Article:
|P= primary, S= secondary, T= tertiary.|
My friend suggested a topic for my blog- and it's a good one, especially seeing as how I took a course in makeup artistry recently. She's says she's looking for suggestions about how to pick makeup colors in relation to the colors in your clothes.
Before we get started, here's a rather interesting and important fact; years ago during a department store makeup application I learned that just because you wear a certain 'family' of colors in clothing doesn't mean that's the family of color for your makeup. I had been thinking that I just didn't look good in makeup any more- turned out I was just wearing the wrong colors. In terms of clothes, I wear cool muted colors, but that day I learned that my makeup needs to be muted and neutral/warm. One of my best lipsticks is a pale, coppery color. If I were to put on a dress in this color I'd probably look sick. Put me in a slate blue dress and I look great. Put me in a blue-based pink lipstick and I look dead. Now, if I put on the slate blue dress with the pale coppery lipstick- or even a warm pink- I look my very best. Go figure. I learned in my makeup artistry class that the majority of people have olive undertones, so don't be surprised if you need neutral or warm colors. Cool, or as they say in makeup, 'pinky-beige' is fairly rare. If you don't live near me and thus can't hire me for a makeup application, then go to a few makeup counters and ask for makeup applications, and discuss whether you need warm (olive,) cool (pinky-beige,) or perhaps like me, olive/neutral. Or hire a local makeup artist. Or just do some experimentation for yourself. So, now on to the business of combining your colors….
In makeup artistry school we were taught to use the standard artists color wheel to determine visually interesting combinations- and it works beautifully for our purposes here, too.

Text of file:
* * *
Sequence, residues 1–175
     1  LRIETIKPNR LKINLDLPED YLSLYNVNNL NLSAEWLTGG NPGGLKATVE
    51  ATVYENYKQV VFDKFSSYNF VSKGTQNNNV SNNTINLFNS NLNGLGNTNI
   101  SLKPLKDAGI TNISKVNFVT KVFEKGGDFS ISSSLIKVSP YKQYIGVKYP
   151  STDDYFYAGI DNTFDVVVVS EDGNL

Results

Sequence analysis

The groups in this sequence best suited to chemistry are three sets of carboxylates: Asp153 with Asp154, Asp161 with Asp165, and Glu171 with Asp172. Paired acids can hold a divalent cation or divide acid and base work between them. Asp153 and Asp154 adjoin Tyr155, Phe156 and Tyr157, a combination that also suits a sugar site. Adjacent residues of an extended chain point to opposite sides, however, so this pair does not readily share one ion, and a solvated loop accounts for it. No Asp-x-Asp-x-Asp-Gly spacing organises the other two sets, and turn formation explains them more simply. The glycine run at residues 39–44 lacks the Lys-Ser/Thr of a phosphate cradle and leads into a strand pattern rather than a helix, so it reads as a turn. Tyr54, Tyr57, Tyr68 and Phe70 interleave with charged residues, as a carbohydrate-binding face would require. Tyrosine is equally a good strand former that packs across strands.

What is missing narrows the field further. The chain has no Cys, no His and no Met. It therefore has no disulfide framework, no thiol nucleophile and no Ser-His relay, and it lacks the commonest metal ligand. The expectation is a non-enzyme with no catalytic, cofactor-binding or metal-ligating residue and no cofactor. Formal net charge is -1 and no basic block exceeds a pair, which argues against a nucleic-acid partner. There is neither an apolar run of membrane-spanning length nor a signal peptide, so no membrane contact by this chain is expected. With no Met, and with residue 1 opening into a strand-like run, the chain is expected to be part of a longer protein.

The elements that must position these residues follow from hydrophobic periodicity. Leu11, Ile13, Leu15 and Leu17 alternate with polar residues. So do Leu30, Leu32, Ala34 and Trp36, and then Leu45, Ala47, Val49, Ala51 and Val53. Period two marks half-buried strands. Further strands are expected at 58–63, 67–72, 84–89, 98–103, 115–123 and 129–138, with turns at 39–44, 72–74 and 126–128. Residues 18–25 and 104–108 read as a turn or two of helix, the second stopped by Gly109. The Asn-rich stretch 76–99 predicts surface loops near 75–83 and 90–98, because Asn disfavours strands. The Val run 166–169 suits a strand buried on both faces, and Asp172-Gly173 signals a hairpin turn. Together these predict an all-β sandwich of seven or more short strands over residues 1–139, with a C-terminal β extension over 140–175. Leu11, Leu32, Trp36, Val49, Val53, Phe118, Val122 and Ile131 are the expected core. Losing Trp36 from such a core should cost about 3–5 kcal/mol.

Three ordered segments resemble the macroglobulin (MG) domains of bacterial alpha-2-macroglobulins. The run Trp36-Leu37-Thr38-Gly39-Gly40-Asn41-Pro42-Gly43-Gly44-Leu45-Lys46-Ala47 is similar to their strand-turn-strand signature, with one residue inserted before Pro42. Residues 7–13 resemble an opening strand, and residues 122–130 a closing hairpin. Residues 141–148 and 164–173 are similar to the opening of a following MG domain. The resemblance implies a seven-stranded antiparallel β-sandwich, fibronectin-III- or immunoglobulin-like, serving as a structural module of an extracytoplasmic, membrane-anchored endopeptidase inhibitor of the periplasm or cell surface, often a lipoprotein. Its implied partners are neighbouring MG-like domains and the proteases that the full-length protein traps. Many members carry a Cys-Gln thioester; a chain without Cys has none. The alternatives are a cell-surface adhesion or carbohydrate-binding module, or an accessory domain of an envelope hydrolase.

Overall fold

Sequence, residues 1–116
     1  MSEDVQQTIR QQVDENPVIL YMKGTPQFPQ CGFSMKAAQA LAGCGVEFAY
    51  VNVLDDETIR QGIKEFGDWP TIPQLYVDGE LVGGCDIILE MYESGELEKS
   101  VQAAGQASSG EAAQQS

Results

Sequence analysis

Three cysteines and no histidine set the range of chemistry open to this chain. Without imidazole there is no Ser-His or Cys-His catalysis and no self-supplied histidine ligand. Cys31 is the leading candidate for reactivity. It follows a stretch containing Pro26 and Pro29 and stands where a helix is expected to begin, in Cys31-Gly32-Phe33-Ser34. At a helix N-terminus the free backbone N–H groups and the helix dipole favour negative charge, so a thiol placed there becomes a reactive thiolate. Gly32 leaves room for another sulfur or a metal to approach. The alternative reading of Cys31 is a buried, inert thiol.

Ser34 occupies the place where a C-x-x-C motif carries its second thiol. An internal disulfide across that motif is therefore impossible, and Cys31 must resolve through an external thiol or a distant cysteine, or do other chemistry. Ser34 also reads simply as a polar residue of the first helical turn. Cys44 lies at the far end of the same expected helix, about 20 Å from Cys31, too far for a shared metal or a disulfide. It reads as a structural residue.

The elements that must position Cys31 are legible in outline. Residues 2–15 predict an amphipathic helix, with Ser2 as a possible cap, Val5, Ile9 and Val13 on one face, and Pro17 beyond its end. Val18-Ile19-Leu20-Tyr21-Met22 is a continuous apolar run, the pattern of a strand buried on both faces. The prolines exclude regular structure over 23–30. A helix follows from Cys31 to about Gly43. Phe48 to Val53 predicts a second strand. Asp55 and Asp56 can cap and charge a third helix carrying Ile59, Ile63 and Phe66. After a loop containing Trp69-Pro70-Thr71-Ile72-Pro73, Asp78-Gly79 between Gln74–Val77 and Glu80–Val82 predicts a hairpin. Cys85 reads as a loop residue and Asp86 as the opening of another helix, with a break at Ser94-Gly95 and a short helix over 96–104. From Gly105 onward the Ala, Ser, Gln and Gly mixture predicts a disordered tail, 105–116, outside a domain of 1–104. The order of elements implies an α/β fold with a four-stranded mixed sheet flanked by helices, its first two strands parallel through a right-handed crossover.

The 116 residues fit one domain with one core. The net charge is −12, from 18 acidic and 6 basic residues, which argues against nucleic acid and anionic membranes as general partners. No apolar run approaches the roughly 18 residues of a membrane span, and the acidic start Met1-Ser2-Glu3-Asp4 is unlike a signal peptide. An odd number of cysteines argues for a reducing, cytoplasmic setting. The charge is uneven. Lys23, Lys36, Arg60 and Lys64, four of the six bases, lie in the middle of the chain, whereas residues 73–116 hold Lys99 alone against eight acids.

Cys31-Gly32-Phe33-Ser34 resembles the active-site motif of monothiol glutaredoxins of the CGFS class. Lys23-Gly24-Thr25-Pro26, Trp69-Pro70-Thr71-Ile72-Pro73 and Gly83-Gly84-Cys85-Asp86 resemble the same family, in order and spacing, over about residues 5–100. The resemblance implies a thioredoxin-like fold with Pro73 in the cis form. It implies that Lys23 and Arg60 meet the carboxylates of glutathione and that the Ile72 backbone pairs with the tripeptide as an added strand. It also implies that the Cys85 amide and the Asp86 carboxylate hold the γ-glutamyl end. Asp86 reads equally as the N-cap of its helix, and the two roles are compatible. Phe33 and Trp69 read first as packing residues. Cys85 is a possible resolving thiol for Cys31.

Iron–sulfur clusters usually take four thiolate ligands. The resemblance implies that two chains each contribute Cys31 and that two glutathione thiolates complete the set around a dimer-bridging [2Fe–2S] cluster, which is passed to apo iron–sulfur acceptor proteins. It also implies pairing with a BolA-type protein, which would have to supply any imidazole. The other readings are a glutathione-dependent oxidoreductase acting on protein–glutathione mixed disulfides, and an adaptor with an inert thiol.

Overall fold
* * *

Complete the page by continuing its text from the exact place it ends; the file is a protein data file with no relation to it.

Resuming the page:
First, a little primer on color: as you may know, the three primary colors are red, blue and yellow. There are 3 secondary colors, which are two primary colors mixed- red plus blue makes violet, red plus yellow makes orange, blue plus yellow makes green. There are 6 tertiary colors- they are a secondary color mixed with a primary- red-orange, yellow-orange, yellow-green, blue-green, blue-violet, and red-violet. (See illustration above.)
Another important point- remember that for many colors there are warm and cool versions- so when I use 'violet dress' as an example, this assumes you would choose a warm or cool version to fit your needs. Green, red, purple- all these have the potential for both warm and cool versions. There are even fairly cool versions of yellow. And also, my examples assume you've chosen the proper intensity or brightness for your coloring. Ok. Moving on.
If you look at the color wheel (less than $5 at your local art store) you'll see there are different combinations for 'harmonious color schemes.' One is complimentary, or colors that are opposite on the color wheel- such as violet is opposite to yellow. Then there's split complimentary- lets take violet again- for split complimentary we use the two colors on either side of the opposite or complimentary color- in this case, as the opposite is yellow, the two on either side are yellow-orange and yellow-green. There's also the triad- three colors on the color wheel that form a triangle- or the two colors 1 farther out from the split complimentary- again with the violet, this would be violet, green and orange. See? it makes a triangle.
In makeup class we were taught that we can choose from these different combinations to have a more visually interesting outcome. This can also be done with your clothing- say you're wearing a green top- you can choose a purple eyeshadow and a coppery lipstick. This would be your classic triad combination. (If copper isn't your color then a nude or other very muted lipstick that won't interfere with your color scheme. Or if you're into it, a purple lipstick.) Or you could choose a complimentary scheme- red-orange top with a blue-green eyeshadow. If it's right for you, also a red-ornage lip color. Personally I like to be careful with blue or green shadows if you have blue or green eyes- I like to be sure the color you choose is duller, or more muted than your eye color, or you risk the eyeshadow 'wearing' your eyes- making your eye color look 'dull' by comparison. Done wrong, all you see is the eyeshadow. Done right, it can be very, very pretty.
Another option is an 'analogous' combination- between 2 and 5 colors right next to each other on the color wheel. And lastly, there is the monochromatic option- the same color- possibly varied with tint, tone and shade, and different textures. This can be a very sophisticated look.
Also- remember that these colors can be as bright or muted as suits your coloring and taste. The differences can be very subtle, but they'll still be effective.